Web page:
“If Beale Street Could Talk” is another win for Barry Jenkins

With his third major film, "If Beale Street Could Talk," Barry Jenkins presents a vibrantly filmed love story with deep emotional resonance.

Fonny+%28Stephen+James%29+and+Tish+%28Kiki+Layne%29+embrace.
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“If Beale Street Could Talk” is another win for Barry Jenkins

Fonny (Stephen James) and Tish (Kiki Layne) embrace.

Fonny (Stephen James) and Tish (Kiki Layne) embrace.

Rain Richards

Fonny (Stephen James) and Tish (Kiki Layne) embrace.

Rain Richards

Rain Richards

Fonny (Stephen James) and Tish (Kiki Layne) embrace.

As a young director, following your first big success is always a tough task. This can potentially make or break a career, determine if the director in question keeps their line of successes going or fades into obscurity.

If your previous film happens to be “Moonlight,” as is the case with Barry Jenkins, then this task is even harder. That film won the best picture at the 2017 Oscars ceremony and was universally lauded by critics as one of the best films of the decade thus far. Myself included. I revisited “Moonlight” the weekend before I saw his new film and was again swept up in the whirlwind of emotions Jenkins conjures up over the film’s two-hour runtime.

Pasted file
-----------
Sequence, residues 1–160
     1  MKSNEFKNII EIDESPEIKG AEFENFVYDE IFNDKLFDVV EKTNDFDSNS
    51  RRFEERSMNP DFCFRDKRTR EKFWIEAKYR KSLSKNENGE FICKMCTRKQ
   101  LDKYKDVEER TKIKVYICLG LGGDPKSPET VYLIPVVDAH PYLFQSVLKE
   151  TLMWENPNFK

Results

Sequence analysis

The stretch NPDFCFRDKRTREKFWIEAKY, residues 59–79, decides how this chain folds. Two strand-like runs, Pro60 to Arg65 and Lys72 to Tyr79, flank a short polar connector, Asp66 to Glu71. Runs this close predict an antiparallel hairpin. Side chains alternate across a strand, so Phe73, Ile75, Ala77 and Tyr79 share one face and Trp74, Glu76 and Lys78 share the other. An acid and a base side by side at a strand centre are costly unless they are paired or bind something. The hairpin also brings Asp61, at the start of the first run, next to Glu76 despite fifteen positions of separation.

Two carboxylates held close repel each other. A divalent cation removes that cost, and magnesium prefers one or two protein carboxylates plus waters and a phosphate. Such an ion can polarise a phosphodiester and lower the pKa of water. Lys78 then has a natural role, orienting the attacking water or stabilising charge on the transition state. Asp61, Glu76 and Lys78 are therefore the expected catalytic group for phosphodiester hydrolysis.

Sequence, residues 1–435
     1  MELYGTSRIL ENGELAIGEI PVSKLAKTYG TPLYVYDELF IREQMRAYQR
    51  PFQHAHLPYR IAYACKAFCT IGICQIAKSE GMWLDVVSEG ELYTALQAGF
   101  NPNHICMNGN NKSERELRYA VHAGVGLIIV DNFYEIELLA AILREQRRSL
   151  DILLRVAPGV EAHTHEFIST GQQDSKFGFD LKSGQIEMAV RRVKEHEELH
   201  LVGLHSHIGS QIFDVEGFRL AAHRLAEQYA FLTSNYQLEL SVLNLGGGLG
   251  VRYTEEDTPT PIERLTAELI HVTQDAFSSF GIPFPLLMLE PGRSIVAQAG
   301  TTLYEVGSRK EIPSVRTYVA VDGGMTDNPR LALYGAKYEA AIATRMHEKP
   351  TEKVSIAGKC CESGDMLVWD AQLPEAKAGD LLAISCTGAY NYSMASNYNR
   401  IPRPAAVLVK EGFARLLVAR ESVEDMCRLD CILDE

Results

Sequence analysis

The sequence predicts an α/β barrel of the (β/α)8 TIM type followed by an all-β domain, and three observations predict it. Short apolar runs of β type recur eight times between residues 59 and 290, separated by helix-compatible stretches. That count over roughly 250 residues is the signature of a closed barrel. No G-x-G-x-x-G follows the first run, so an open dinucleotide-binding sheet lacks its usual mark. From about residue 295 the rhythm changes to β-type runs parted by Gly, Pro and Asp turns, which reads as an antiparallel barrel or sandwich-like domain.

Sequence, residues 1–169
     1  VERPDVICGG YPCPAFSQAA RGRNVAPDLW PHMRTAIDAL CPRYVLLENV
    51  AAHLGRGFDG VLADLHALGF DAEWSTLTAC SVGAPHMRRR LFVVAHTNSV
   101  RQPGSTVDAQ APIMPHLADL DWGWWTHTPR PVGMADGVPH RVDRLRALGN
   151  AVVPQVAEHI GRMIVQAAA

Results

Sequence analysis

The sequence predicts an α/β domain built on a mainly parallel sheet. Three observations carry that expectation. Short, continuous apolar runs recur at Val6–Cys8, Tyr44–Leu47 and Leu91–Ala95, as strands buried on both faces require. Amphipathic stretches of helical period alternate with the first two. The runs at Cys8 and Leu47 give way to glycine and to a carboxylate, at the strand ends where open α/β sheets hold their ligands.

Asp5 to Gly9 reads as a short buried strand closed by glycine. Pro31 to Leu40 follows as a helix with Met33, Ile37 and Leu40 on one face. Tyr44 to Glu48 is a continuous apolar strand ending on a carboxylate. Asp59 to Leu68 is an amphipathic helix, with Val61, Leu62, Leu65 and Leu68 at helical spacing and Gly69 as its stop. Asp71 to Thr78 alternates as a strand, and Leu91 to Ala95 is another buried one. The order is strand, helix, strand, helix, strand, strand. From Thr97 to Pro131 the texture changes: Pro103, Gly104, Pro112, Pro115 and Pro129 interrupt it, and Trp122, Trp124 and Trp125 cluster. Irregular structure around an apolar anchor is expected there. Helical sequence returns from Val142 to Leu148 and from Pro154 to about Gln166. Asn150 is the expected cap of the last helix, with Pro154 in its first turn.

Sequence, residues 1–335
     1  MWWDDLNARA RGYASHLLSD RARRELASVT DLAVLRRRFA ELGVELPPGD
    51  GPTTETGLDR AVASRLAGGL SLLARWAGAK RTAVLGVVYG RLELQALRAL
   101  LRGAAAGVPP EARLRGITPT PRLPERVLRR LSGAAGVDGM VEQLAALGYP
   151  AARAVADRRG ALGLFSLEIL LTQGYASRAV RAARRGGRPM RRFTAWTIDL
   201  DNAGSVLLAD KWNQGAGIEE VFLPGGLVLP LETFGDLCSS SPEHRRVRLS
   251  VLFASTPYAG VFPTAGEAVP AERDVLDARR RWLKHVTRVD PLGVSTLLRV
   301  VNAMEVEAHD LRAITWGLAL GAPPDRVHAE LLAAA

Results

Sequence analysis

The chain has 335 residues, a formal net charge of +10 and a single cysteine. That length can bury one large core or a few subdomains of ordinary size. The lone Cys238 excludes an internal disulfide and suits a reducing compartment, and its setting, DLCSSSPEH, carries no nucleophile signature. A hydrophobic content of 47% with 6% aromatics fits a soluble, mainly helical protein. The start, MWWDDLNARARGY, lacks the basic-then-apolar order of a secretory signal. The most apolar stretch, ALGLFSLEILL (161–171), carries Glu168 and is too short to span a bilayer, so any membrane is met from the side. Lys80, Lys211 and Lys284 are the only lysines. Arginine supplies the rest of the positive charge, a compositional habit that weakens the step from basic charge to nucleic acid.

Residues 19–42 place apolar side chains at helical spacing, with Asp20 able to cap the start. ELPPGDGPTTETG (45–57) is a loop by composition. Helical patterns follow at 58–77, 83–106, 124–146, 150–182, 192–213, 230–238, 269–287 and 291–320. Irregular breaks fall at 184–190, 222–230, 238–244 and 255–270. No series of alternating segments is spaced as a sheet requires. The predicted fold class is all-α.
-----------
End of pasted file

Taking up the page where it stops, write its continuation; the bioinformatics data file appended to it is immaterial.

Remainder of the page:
Then, seemingly out of nowhere, Jenkins returns with his follow up, “If Beale Street Could Talk.” The film was adapted from a book by James Baldwin, one of the great novelists of the twentieth century. Translating the work of any classic novelist from page to screen is never a simple task, especially when said novelist is as culturally impactful as Baldwin is. Despite these odds, Jenkins knocks it out of the park again with his third feature, successfully merging his talents as a director with Baldwin’s powerful prose to make a quietly affecting picture.

Set in the ’70s, the plot turns on the romance between 19-year-old Tish (Kiki Lane) and 23-year-old Fonny (Stephen James), which is made complicated by the fact that Fonny has been imprisoned for a crime he didn’t commit. The fight to prove his innocence becomes even more urgent when Tish discovers that she’s pregnant with Fonny’s baby.

The film is stellar. Jenkins knows how to pick the perfect actors for every role. He looks for talent and emotional resonance with the script over whatever weight they may have as “stars.” Case in point, both Lane and James have done minimal acting (at least in films) before this, but the both of them play the roles with such conviction that you never once doubt that they are in love and have known each other for the majority of their lives. Their exuberance and joy in the flashback scenes are invigorating, so much so that they succeed in making Fonny’s imprisonment in the present all the more depressing. This sparring match of moods, joyful and somber, is what makes the film so effective at replicating the obstacles love faces in real life.

Regina King as Sharon Rivers, Tish’s mother.